Registration and professional regulation can reduce risk to the public, improve outcomes for people drawing on social care services, improve confidence in the workforce, and can drive up workforce standards.
However, regulation can also introduce unnecessary barriers to recruitment and retention, and it is costly.
A new report from the Nuffield Trust, New horizons: What can England learn from the professionalisation of care workers in other countries? points out that England is the only country in the UK to not introduce registration and professional regulation of care workers.
It also details other challenges for residential care management associated with the recruitment and retention of care workers, including low pay, poor terms and conditions, variable access to training, and limited opportunities for career development.
Among the other key points raised by the report:
High-quality training supports retention and better care: Programmes tend to be most effective when training is relevant to the role, equitable in terms of access, and sits alongside alternative routes for workers to demonstrate their skills.
Increased pay reduces staff turnover, particularly for staff paid at lower wage levels. Countries around the world have used a number of different routes to improve pay: Scotland and Wales are taking steps to standardise pay and increase it beyond the National Living Wage, and pay bonuses have been awarded in all three devolved countries. Germany has introduced a sector minimum wage and policymakers are seeking to implement collective wage agreements to increase and standardise wages across the country. The national pay and progression framework introduced in New Zealand has helped improve retention, and this more attractive pay scale has also attracted new starters who are male, younger, or with graduate degrees.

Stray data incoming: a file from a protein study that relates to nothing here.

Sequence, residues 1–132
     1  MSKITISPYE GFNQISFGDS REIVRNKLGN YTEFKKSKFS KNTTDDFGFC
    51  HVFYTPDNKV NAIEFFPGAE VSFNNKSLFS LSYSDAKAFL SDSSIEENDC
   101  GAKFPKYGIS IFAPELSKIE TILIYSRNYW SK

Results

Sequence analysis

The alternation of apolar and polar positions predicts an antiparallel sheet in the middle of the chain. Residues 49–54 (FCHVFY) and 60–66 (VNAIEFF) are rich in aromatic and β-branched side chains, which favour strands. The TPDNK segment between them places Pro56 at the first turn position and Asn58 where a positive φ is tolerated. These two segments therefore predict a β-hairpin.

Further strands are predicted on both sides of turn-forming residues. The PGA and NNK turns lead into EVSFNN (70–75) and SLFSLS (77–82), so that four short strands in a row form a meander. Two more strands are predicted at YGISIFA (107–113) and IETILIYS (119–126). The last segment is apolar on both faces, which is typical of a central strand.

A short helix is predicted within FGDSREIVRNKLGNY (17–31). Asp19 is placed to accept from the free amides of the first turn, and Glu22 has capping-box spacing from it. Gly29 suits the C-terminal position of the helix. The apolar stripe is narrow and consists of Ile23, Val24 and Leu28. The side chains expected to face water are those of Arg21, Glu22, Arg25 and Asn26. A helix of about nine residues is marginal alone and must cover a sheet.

Day-to-day working terms and conditions of care workers in England need urgent attention. New Zealand funds home care workers’ travel time and travel costs, while Germany has introduced childcare grants and additional days of annual leave. Scotland is distinct in the UK for requiring providers to take staff wellbeing into account in their staffing decisions. Other countries such as Norway and Germany offer much more generous sick pay provision.
Measures must be designed and implemented together rather than introduced in isolation. Unintended consequences of, for example, mandatory training may introduce unnecessary rigidity; pay increases may further minimise the difference in pay for more senior staff; guaranteed hours at a national level may not benefit all staff consistently.
Address inequalities in progression and earnings to attract underrepresented groups into the workforce: one in four are from Black, Asian or minority ethnic backgrounds and these groups are less well represented in senior positions.